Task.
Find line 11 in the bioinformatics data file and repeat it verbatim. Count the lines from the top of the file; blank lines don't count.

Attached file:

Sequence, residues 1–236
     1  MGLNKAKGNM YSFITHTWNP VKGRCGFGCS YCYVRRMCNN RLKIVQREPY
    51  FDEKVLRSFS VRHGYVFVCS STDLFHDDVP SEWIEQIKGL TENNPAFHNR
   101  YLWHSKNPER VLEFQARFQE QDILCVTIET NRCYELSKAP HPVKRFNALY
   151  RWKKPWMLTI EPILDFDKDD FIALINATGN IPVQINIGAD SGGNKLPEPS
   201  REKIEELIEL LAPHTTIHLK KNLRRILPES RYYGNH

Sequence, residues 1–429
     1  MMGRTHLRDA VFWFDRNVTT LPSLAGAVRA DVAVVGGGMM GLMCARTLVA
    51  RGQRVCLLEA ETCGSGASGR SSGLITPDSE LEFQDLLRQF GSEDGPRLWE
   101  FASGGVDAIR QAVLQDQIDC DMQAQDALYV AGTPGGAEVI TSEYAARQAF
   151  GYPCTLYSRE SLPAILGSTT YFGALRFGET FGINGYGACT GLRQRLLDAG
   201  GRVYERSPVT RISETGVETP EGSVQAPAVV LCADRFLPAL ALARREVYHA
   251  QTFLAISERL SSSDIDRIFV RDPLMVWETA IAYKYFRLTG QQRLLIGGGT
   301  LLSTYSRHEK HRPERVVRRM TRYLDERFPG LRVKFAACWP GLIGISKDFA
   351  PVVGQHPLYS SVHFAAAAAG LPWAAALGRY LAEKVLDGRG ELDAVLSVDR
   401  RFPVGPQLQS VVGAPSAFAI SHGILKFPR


   151  GYPCTLYSRE SLPAILGSTT YFGALRFGET FGINGYGACT GLRQRLLDAG